Visual artist Marek Ranis incorporates social, political, and ecological issues into his multimedia pieces. The assistant art history professor at UNC Charlotte is currently working on the subject of “Albedo,” or Whiteness, within a social and historical context, which he started in response to his research into global climate change. Originally from Poland, he received the 2012-2013 N.C. Arts Council Artist Fellowship Award, which gives $10,000 to each artist to support their projects. Joanne Spataro
Q. What is your current focus? My ongoing research about global warming, but more particularly now looking at relations between climate change or environment in the context of post-colonial theory. I see a strong relationship between global warning and post-colonialism in general. My current work is video, installation and sculpture. It’s very multi-media.
Q. How does war influence your work? In the show in March, it was a compilation of World War II images of my hometown in Poland before the war and after the war. U.S. events such as WWI and WII were big tragic events, but on the global scale were major factors in shaping post-colonial times. Because of those two wars, countries like India were able to gain independence. For me as somebody from a country that was extremely affected by WWI, it’s a strange way to look at it. But it’s a perspective that is not often recognized in U.S.-centric circles or by modern history in general.
Q. What made you want to take on this topic? Through my research about global warming, I travel a lot. Science (also) informs my art. If I want to talk about things like that (global warming), I have to learn enough to be competent enough to understand what’s going on. And of course not to claim that I know anything. It’s a way to be smart enough to stay informed.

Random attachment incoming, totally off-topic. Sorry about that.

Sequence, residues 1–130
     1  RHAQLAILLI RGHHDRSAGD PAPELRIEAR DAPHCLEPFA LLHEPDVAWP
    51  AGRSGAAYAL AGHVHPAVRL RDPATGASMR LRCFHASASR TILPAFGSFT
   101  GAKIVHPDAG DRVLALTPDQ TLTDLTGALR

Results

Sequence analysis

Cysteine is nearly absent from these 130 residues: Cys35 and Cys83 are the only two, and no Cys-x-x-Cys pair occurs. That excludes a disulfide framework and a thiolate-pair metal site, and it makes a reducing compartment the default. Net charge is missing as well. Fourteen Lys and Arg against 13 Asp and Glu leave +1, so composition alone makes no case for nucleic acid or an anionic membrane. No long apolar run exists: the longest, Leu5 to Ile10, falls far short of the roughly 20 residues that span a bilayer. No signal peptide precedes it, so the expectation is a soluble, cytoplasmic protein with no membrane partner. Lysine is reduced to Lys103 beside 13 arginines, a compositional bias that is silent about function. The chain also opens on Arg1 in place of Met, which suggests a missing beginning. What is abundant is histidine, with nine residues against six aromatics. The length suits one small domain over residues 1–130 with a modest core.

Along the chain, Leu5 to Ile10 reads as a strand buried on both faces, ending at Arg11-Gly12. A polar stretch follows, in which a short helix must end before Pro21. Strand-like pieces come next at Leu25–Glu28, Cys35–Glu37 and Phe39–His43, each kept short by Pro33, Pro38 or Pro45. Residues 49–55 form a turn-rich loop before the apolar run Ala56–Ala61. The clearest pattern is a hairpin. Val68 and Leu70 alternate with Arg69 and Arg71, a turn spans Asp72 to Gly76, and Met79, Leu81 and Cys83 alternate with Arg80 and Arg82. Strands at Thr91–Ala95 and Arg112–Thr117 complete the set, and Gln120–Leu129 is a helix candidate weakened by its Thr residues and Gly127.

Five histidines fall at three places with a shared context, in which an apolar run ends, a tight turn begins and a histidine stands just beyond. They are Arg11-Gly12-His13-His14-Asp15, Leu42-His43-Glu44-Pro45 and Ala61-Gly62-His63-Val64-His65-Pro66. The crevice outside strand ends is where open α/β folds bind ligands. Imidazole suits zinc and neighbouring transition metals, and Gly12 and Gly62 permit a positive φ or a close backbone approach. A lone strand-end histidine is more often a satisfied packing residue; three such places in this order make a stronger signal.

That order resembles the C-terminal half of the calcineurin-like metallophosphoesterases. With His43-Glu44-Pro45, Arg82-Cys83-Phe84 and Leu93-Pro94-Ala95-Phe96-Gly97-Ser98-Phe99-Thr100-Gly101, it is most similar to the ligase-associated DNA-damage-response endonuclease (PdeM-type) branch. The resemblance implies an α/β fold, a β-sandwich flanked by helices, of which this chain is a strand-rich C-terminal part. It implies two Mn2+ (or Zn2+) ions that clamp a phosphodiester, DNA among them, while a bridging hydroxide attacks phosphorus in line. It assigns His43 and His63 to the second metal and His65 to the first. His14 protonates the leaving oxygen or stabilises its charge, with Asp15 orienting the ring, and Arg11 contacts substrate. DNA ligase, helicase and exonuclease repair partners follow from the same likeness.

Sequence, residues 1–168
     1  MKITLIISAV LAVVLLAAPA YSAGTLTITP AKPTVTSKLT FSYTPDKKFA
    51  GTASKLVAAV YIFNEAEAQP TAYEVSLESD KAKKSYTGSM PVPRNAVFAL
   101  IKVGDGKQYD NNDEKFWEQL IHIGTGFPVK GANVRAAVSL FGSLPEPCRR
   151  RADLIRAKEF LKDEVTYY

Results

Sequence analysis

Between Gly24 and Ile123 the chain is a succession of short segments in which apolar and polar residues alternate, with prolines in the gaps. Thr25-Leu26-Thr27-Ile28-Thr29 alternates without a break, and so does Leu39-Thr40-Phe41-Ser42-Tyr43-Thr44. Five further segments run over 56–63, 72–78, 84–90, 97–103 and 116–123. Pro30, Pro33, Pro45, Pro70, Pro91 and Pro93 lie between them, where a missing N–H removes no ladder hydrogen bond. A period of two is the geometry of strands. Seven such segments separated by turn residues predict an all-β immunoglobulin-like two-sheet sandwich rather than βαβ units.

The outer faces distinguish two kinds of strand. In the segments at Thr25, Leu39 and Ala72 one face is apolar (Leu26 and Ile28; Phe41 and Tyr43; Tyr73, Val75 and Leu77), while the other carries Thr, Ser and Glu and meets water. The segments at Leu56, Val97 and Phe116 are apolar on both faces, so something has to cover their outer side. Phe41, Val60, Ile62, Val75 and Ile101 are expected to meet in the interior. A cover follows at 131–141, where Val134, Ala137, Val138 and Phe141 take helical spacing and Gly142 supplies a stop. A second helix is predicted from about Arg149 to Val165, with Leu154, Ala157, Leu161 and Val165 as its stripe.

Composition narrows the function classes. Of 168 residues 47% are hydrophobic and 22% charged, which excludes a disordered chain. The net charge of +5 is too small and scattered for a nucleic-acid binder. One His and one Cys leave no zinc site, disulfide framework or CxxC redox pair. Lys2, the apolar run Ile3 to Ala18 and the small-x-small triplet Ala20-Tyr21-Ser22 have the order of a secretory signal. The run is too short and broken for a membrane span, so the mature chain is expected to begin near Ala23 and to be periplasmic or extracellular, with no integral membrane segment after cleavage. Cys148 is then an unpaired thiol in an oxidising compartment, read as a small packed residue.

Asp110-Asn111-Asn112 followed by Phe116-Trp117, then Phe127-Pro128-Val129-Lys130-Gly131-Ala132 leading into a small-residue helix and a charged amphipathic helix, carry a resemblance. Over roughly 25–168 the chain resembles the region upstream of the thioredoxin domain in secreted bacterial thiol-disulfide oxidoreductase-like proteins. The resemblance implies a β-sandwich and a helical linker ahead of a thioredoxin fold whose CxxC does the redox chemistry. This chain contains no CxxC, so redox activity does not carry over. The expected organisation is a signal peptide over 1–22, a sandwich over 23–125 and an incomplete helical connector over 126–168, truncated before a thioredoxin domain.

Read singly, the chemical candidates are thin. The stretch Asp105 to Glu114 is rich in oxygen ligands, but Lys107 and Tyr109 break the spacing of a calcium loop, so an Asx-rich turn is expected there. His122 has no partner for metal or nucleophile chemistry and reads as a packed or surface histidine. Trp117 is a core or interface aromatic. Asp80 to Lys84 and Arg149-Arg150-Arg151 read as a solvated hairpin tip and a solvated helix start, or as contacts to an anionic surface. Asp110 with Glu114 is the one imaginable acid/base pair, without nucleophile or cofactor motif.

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Q. Since much of your work is in both Europe and America, what is the difference in viewers’ reactions? There is something special in America and Charlotte. People are much more willing, especially at the openings, to talk to others, much more open to engage in some kind of conversation. They ask questions and are more willing to say I don’t understand or question the work. I really enjoy that exchange more than Europe where people are a little bit more jaded and they feel like they don’t want to show they don’t know something.
Q. With Superstorm Sandy, do you think people will take a more critical eye towards your theme of global warming? People who go to galleries are leaning towards the same viewpoints as you. (It is unlikely) that I’m going to change somebody’s opinion. I’m always very cautious about expecting that art can change somebody’s opinion. I’m hoping it may cause some moment of reflection.